The chemistry involved in the body in proc­essing the energy foods is well understood. Each of these major food groups is composed of spe­cific chemical substances which are utilized in a specific manner. The carbohydrates are com­posed of combinations of simpler compounds, called sugars. Fats are comprised of basic chem­ical compounds called fatty acids, which are united in various combinations by glycerol. Pro­teins consist of various combinations of chemical units called amino acids.

Detailed study of the construction and con­version of these energy-supplying foods is not of great importance to this work, but it should be realized that the source of nutrition is now far advanced and the body’s nutritional needs are well established.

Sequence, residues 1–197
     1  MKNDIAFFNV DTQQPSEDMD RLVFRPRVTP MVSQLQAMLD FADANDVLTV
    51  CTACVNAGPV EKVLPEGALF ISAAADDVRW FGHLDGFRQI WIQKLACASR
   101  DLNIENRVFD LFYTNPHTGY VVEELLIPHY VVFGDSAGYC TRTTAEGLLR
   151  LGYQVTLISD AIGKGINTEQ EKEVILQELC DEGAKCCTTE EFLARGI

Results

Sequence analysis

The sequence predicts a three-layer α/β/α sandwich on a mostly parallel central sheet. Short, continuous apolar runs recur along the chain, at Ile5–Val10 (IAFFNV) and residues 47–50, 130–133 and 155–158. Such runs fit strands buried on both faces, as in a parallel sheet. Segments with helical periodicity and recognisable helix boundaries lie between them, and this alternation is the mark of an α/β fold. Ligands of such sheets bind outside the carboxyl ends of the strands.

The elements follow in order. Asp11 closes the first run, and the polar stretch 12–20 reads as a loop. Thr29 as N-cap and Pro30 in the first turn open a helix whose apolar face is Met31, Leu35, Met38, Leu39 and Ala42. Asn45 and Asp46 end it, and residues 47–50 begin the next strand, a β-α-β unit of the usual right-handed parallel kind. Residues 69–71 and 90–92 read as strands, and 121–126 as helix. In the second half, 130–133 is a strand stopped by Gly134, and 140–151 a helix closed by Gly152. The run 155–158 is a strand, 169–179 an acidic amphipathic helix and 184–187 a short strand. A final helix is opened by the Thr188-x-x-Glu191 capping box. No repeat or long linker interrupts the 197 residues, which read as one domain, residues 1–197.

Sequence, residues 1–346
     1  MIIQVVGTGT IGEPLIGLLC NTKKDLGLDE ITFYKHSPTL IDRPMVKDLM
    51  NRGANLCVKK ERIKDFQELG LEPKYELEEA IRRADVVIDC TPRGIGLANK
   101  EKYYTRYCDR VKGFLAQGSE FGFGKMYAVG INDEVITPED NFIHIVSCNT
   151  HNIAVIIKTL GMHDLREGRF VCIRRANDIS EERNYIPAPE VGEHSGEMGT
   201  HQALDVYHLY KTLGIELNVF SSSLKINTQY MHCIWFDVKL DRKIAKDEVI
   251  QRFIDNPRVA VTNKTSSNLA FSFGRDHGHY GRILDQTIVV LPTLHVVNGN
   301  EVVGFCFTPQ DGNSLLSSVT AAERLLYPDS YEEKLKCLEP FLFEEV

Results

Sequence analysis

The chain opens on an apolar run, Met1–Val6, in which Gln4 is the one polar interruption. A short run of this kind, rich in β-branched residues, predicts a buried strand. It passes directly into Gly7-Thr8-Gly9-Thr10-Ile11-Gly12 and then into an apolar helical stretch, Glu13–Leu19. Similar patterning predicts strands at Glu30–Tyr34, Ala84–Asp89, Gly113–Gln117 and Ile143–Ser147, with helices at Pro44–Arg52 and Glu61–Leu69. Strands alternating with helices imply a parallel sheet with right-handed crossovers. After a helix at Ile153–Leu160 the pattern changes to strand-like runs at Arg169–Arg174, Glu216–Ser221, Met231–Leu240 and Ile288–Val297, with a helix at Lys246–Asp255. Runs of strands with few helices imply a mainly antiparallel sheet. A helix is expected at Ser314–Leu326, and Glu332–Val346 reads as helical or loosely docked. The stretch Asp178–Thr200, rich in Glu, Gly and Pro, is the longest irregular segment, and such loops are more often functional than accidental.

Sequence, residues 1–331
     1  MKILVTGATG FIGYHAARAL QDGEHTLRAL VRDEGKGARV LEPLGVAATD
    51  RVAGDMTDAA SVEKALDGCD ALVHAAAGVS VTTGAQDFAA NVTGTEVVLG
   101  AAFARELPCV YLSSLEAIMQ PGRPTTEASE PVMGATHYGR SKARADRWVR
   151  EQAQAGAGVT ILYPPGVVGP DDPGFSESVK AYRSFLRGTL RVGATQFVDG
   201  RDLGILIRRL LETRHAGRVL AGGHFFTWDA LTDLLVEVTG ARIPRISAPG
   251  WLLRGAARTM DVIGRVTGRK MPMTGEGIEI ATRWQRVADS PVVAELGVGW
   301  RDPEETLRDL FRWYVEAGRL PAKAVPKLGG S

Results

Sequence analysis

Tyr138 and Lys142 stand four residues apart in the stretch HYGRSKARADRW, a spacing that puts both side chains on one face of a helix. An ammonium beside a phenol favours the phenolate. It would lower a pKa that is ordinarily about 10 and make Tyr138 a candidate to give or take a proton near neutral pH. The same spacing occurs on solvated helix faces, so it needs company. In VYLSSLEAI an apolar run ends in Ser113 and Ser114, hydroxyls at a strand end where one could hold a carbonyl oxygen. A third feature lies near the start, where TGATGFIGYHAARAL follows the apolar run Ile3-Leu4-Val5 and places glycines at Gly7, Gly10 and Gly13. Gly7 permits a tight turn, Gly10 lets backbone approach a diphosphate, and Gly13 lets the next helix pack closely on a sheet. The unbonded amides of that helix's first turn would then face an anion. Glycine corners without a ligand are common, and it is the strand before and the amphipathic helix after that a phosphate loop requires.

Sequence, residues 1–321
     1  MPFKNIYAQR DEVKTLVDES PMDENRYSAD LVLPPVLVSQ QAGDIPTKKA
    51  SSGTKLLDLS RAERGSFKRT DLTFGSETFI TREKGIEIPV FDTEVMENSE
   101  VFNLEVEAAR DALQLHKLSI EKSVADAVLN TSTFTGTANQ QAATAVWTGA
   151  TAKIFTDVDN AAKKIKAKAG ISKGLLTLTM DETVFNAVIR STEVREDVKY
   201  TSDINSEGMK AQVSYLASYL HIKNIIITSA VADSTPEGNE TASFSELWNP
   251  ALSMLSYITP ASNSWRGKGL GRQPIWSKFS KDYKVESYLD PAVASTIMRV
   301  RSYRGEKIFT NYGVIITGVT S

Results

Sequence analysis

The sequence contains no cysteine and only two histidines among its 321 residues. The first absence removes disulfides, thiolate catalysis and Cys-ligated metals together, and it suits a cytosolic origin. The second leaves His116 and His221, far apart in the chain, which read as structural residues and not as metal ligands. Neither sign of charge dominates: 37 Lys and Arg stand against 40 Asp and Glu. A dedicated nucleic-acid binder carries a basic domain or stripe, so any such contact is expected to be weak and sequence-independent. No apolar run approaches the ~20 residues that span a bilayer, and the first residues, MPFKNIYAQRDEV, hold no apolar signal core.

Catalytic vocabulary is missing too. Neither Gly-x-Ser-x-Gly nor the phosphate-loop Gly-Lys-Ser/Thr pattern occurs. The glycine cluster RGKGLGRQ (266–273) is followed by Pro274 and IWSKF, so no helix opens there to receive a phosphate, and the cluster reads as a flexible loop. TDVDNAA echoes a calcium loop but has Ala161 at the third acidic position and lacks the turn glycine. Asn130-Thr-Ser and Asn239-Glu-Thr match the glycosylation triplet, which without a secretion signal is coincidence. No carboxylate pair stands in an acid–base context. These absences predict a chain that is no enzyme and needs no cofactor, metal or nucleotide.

Acute and chronic protein deficiencies are most important in the field of surgery. All the vital structures in the body are placed in jeop­ardy in this form of malnutrition, and normal healing of tissues is impaired. The protein sup­plied the body must be complete; that is, it must contain certain required amino acids. Nine such essential amino acid groups and their deficiency effects have been described. Tissues damaged by long-standing protein deficits are slow to return to normal, even with massive administration of the specific substances. If the protein insuf­ficiencies are secondary to some other disease, correction of this may first be necessary. In the last few years it has been possible to augment the oral intake of proteins with intravenous in­fusions (“vein feedings”) of protein substitutes and synthetics. Sometimes transfusions of whole blood or plasma are indicated for this purpose.